”, Nous, vol. 11 (1971), pp. 151-161.
G. W. F. Hegel, W. Wallace, J. N. Findlay, Hegel’s Logic. Being Part One of The Encyclopaedia of the Philosophical Sciences (1830), Clarendon Press, Oxford 1975.
J. D. Jacobs, “The Ineffable, Inconceivable, and Incomprehensible God. Fundamentality and ApophaticTheology”, (in:) Oxford Studies in Philosophy of Religion VI, R. Audi et. al (eds.), Oxford University Press, New York 2015, pp. 158-175.
J. N. Jones, “Sculpting God: The Logic of Dionysian Negative Theology”, Harvard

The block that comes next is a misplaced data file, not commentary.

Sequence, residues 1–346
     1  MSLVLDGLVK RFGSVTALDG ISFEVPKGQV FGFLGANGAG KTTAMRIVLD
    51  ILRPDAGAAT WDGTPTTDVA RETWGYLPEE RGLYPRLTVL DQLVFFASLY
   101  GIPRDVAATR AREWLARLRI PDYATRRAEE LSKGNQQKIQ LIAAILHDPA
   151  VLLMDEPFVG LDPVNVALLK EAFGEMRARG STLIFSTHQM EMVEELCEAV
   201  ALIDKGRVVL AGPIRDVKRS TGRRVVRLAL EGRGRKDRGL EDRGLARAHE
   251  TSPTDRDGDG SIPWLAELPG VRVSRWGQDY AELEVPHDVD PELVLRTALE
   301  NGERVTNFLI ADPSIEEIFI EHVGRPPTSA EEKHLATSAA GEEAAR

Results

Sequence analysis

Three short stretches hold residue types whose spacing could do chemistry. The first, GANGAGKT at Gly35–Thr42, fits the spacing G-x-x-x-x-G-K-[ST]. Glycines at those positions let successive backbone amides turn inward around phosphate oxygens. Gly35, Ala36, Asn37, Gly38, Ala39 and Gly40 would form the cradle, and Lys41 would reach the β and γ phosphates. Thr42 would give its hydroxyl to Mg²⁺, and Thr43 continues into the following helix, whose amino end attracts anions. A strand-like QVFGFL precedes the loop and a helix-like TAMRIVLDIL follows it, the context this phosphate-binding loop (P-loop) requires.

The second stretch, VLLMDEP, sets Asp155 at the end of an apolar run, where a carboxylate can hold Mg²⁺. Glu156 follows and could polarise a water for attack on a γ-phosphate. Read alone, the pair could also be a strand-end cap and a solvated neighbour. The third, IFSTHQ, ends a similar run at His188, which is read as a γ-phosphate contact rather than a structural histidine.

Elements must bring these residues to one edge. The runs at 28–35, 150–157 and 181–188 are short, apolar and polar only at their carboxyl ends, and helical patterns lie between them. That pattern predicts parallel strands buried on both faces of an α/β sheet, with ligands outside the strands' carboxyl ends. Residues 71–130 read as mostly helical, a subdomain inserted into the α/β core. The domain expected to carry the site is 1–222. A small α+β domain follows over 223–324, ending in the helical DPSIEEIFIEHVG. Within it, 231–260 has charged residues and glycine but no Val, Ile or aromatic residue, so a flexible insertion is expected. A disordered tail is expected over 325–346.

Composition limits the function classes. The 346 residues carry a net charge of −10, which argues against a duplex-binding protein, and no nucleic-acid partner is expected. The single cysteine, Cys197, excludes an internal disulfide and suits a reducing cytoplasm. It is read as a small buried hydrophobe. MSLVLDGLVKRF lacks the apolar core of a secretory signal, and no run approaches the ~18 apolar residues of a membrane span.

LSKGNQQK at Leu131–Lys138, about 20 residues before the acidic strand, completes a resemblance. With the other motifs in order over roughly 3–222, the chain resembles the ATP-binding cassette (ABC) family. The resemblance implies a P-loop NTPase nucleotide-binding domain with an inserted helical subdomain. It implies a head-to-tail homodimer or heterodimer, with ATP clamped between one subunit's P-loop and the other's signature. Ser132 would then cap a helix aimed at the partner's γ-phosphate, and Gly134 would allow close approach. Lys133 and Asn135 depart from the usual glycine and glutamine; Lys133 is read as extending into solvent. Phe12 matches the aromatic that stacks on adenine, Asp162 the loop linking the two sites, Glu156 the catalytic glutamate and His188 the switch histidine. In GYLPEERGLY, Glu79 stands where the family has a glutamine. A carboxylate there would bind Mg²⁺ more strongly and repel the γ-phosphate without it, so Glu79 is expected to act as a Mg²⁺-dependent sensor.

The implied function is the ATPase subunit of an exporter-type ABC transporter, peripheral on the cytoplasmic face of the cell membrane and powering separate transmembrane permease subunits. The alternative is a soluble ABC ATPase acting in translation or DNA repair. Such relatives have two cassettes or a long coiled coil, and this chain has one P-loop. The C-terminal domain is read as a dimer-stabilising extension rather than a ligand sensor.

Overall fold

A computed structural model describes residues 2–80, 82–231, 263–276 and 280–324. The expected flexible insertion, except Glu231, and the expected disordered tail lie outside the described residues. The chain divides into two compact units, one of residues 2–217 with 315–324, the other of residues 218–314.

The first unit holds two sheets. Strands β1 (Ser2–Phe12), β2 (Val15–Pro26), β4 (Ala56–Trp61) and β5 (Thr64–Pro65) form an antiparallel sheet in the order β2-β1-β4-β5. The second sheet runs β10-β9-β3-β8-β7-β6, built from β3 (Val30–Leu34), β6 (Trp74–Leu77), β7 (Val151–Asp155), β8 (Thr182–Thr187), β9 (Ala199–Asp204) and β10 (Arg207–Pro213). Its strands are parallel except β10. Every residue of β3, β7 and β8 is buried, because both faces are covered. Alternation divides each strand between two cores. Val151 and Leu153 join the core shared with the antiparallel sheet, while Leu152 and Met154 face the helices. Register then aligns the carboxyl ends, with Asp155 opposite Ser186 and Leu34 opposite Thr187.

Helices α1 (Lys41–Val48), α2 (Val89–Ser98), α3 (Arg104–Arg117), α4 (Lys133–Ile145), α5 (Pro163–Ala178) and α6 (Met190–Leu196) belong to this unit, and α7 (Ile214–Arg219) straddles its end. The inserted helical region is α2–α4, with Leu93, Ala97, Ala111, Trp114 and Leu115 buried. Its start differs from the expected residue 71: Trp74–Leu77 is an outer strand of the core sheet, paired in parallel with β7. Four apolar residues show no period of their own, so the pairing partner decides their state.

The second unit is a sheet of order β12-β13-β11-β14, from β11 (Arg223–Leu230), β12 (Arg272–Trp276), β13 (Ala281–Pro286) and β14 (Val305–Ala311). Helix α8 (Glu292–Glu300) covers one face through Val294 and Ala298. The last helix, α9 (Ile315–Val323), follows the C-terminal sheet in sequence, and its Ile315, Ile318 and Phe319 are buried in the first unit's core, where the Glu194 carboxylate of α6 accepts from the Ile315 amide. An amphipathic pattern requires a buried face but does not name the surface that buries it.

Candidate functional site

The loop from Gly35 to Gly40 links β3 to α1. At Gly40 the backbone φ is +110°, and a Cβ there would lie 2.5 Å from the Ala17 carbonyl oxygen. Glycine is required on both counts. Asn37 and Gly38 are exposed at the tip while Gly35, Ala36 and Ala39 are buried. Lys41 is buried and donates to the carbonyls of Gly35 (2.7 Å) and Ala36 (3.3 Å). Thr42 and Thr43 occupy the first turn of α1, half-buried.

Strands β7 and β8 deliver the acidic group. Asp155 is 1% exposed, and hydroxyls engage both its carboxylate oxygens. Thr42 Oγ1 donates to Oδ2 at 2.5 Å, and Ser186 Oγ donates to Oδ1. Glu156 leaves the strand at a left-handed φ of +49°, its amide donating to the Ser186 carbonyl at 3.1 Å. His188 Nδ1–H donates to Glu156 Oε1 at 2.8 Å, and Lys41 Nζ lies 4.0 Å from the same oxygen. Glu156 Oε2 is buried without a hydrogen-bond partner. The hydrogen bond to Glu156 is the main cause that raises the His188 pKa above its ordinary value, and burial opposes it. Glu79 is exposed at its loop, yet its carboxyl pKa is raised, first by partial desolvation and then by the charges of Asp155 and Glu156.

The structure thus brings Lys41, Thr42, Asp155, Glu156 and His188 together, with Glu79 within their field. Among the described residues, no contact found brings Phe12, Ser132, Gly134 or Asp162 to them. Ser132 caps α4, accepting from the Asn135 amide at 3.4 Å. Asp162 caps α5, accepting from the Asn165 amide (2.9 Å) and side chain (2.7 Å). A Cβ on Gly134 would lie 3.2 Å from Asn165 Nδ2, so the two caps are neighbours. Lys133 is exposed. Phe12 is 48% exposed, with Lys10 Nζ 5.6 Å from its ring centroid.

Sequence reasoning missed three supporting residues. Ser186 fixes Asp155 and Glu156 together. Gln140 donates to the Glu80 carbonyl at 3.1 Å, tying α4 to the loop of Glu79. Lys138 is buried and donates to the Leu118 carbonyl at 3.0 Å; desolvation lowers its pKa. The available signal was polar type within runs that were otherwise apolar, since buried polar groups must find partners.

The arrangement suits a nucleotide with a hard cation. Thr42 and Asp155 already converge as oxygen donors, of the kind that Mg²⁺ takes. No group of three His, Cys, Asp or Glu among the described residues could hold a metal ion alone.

Richard Hooker’s (1554-1600) adaptation of classical logos theology is exceptional and indeed quite original for its extended application of the principles of Neoplatonic apophatic theology to the concrete institutional issues of a particular time and place-the aftermath of the Elizabethan Religious Settlement of 1559. Indeed, his sustained effort to explore the underlying connections of urgent political and constitutional concerns with the highest discourse of hidden divine realities-the knitting together of Neoplatonic theology and Reformation politics-is perhaps the defining characteristic of Hooker’s distinction mode of thought. Hooker’s ontology adheres to a Proclean logic of procession and reversion (processio and redditus) mediated by Aquinas’s formulation of the so-called lex divinitatis whereby the originative principle of law remains simple and self-identical as an Eternal Law while it emanates manifold, derivative and dependent species of law, preeminently in the Natural Law accessible to human reason and Divine Law revealed through the Sacred Oracles of Scripture. For Hooker, therefore, ‘all thinges’-including even the Elizabethan constitution in Church and Commonwealth, are God’s offspring: ‘they are in him as effects in their highest cause, he likewise actuallie is in them, the assistance and influence of his deitie is theire life.’